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Mandela and Mugabe | The Nation

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Mandela and Mugabe

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Robert Mugabe and Nelson Mandela

Robert Mugabe (L) and Nelson Mandela (R) (Reuters Pictures)

Two years after Nelson Mandela ended his service as South Africa’s first black president, I was sitting in his living room, invited, along with other journalists including Newsweek’s Ellis Cose, by the Reverend Jesse Jackson. We were visiting South Africa during the United Nation’s 2001 World Conference Against Racism, which had just effectively collapsed. Israel walked away from the conference when Arab states insisted on including language that criticized that nation’s treatment of Palestinians as racist. Then the United States walked away in support of Israel, a move some junior American officials said privately they strongly disagreed with. Given the level of rhetoric at the conference (one African nation said that black Americans should pay reparations to them because of the brain/labor drain of slavery), no nation should have expected a group hug.

As Cose wrote in his report for Newsweek, Mandela said, “When I heard…the American delegation had pulled out, I was on the point of picking up the phone and speaking to President Bush.” He didn’t. But within days, two planes had hit the Twin Towers, something I learned as I returned to South Africa after visiting family in Zimbabwe. And as the Bush administration began its drumbeat to war, Mandela did not hold his tongue. “Bush is now undermining the United Nations,” he later said. “What I am condemning is that one power, with a president who has no foresight, who cannot think properly, is now wanting to plunge the world into a holocaust.”

What I remember most about that magical and mind-blowing visit to President Mandela’s house was not his candor, his passion or his humor, but the fact that it was his home—not a presidential palace. After twenty-seven years in prison, eighteen of those on Robben Island, he became president in 1994 and left office in 1999. If any African could have taken on the mantle of president-for-life without much protest, it was Nelson Mandela. But the fact that he chose not to—and, in fact, chose to emphatically move to a speedy transition to a second president elected by a full franchise, not just whites—is perhaps the greatest achievement of his life aside from, or I would argue, even on par with, the liberation of his country from apartheid.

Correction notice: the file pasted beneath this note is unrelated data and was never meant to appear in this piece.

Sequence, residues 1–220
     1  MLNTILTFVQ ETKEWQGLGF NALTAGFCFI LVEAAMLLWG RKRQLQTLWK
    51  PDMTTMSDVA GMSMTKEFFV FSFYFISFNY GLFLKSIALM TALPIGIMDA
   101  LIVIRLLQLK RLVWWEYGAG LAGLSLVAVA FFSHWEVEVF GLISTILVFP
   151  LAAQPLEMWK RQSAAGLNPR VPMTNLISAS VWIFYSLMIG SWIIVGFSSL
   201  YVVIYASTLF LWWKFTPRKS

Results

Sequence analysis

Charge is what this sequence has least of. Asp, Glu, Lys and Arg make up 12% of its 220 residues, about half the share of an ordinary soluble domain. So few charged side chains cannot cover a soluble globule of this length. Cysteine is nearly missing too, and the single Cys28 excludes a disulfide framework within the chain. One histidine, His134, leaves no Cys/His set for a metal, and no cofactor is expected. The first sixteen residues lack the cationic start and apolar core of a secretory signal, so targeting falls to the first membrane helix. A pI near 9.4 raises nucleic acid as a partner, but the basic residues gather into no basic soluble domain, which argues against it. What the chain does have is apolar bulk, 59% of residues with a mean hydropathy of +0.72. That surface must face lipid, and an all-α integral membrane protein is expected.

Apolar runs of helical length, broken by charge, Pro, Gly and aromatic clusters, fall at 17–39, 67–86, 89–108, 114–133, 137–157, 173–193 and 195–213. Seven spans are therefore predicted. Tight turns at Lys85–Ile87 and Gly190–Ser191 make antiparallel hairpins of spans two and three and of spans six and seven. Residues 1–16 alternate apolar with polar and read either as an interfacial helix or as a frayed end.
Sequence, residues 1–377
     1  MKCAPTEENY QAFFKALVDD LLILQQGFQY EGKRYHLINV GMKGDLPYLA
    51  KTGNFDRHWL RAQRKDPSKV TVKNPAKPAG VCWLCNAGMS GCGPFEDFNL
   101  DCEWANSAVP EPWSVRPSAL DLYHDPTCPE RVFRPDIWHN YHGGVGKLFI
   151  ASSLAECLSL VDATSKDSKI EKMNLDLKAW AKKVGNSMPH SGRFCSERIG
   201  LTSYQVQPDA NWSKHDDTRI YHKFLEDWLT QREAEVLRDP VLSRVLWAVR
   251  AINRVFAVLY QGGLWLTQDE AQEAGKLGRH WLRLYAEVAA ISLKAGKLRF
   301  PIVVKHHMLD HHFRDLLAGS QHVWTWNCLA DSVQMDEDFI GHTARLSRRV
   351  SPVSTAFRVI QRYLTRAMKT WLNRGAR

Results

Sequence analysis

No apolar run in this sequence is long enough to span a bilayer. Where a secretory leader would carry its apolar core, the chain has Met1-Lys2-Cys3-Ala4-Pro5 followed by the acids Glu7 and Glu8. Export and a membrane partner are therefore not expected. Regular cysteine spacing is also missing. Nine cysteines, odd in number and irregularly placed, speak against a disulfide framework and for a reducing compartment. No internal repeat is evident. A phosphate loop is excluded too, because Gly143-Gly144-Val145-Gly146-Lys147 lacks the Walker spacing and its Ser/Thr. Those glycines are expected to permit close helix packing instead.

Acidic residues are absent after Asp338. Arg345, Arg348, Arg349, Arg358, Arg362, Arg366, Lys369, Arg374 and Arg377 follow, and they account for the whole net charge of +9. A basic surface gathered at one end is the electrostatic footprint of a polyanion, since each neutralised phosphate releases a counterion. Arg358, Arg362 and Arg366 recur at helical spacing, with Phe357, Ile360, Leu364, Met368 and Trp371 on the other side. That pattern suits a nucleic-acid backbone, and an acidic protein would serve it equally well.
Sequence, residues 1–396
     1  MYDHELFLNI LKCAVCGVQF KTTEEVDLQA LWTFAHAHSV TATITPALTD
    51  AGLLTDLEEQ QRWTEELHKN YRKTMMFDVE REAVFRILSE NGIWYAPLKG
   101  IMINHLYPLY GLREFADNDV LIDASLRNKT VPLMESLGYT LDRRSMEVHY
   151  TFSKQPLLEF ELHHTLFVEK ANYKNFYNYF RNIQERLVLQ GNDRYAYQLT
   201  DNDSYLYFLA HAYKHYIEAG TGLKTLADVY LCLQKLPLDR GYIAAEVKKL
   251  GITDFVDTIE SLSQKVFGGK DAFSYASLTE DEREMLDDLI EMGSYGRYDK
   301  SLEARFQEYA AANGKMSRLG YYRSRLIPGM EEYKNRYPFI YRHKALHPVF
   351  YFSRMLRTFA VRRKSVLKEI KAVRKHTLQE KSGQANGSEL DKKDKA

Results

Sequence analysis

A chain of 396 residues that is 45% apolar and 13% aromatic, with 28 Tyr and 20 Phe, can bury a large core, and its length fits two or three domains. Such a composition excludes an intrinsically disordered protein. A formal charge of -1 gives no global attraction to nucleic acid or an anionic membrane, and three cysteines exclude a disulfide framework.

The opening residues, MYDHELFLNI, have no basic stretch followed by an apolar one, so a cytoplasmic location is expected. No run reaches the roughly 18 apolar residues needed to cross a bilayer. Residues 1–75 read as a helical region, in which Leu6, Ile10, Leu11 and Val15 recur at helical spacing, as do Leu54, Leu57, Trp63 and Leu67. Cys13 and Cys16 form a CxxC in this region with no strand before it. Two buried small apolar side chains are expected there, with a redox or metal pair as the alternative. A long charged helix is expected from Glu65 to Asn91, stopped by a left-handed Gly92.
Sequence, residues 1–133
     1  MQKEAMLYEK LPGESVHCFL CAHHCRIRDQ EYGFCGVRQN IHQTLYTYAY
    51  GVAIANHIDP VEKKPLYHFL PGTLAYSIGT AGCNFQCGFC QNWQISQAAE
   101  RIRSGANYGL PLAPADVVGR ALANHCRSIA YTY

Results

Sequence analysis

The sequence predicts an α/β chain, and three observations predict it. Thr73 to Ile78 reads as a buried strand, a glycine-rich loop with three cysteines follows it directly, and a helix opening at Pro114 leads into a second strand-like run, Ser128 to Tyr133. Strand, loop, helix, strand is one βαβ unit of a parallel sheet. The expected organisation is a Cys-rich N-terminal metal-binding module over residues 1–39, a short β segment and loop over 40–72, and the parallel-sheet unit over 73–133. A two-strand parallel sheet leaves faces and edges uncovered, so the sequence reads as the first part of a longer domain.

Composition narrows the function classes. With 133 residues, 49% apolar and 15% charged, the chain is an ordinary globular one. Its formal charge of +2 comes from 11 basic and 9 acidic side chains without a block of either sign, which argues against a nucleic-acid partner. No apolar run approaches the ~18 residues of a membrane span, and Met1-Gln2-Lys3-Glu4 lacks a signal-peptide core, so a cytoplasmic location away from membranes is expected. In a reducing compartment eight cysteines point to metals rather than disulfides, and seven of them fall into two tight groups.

Africa needs a liberation from the notion of presidency for life, something I feel deeply as an American partially of Zimbabwean descent. The media (Western and even some African) tends to get Zimbabwe wrong. While Nelson Mandela was in prison, Robert Mugabe was one of the leaders of an armed civil war to wrest “Rhodesia” from a colonial control as brutal as apartheid. In 1980, the Ian Smith government ceded power, but not before much life was lost. One of my dearly departed great aunts grew food for the freedom fighters. She told me in a videotaped interview, while another relative translated, about the air raids that the government used to cut down civilians and fighters alike. “I only knew my daughter was dead when the dogs started dragging parts of her body back,” she said.

That is the backdrop of pain against which Mugabe became the leader of Zimbabwe, a nation with its gorgeous terrain, rich farmland and educated population. But when Stevie Wonder sang, “Peace has come to Zimbabwe,” he could not have known the future irony of his words. Mugabe first cut out the Ndebele leadership from his coalition, retaliating against the rival group that had joined in the fight for independence. Then he turned into a paranoid, ballot-fixing dictator. He had some help navigating there. Most people forget that in 1979, the British government had promised to pay white Zimbabwean farmers to relinquish their land—4,000 white farmers controlled 50 percent of the arable land, versus 10 million black Zimbabweans controlling the rest. But then the Blair government reneged on that agreement. Mugabe moved forward anyway, claiming the land for the people, but redistributing it mainly to political cronies.

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Since then, we have seen a coalition government with Morgan Tsvangirai materialize and dematerialize against the backdrop of election intimidation, violence and chicanery. President Mugabe will turn 90 in February. He may well be a president for life. No one, not even he, can live forever. Of course, post-Mandela South African leadership has been no cakewalk. Thabo Mbeki courted the South African oligarchy while poverty deepened. Current President Jacob Zuma was acquitted of rape, but history will judge him harshly for lack of leadership as well as judgment. Still, for all that, it is better to have the promise of democracy and transition than the bitter aftertaste of a revolution gone awry.

And yet, what do I know of life on the ground? As I taped my great-aunt’s recollections, she rose to her feet, despite being blind by that time, and began to dance and to sing a song of revolution. As we reflect on the life of Nelson Mandela, I cannot help but see his life as a revolution, which has succeeded to the extent it has because he was willing to step aside, to trust that new leadership would emerge. Zimbabweans deserve the same chance—as do, I believe, all in our world.

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